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Politicians rally to salvage region's school recycling programs

Staff recommended the program he halted due to cost; Politicians agreed 'success of this program' is key to the county's waste diversion record
Mayor Brian Saunderson. Erika Engel/CollingwoodToday

A county-wide school recycling program, that appeared set to be trashed due to costs associated with it, will continue after all.

The issue came up at yesterday’s (June 11) county council meeting through a staff report stating the collection vehicle used for the program had reached the end of its useful life and, if the program were to continue, would need to be replaced at a cost of $330,000.

Coupled with concerns about potential provincial changes to the blue box program, staff noted it was risky to spend so much money on a new vehicle.

However, Collingwood Mayor Brian Saunderson led the charge to have the program renewed in full without any service reduction and received unanimous support from his council colleagues to continue the program.

The decision is not official until it is ratified at next week's meeeting.

The Living and Leaning Green program is a partnership between the county and the school boards to run the same level of recycling and organics collection available to residential homes in the county at all local schools.

It uses a front-end collection vehicle to enable pickup of commercial-type waste bins containing recyclables and organics from the schools.

The program has been in place since 2010, and, according to Saunderson, it was established as a way of engaging youth in a school waste diversion program as a means of educating them in the hopes they would bring those behaviours back to their families.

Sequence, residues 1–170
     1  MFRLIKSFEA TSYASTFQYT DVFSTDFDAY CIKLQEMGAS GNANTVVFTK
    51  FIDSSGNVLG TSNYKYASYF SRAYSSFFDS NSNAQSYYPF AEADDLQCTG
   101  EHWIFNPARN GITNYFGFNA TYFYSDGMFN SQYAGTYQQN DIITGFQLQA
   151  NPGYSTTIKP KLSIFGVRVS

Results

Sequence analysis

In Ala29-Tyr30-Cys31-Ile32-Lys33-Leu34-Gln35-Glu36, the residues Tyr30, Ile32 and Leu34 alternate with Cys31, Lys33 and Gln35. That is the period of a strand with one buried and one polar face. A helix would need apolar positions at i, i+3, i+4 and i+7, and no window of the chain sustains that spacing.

In 2010, the program collected 73.8 tonnes of organic waste from Simcoe County schools and 451.81 tonnes of recycling. Last year, the program collected 110 tonnes of organics and 580 tonnes of recycling.

“Simcoe County is a leading region in Ontario and Canada for waste diversion with an annual rate of between 60 to 65 per cent, and I believe that the success of this program is one of the key reasons for the county’s impressive waste diversion record,” said Saunderson.

The operating costs of the program are shared between the school board and the county. In 2018, the county paid $156,960 toward the operating expenses of the program and the school board contributed $110,778.

Capital costs - a new truck, for example - are the sole responsibility of the county.

The truck is required because the county’s curbside collection is currently contracted to Waste Connections of Canada, and their vehicles are designed for curbside collection of residential materials rather than commercial bins.


Erika Engel

About the Author: Erika Engel

Erika regularly covers all things news in Collingwood as a reporter, photographer and community editor.
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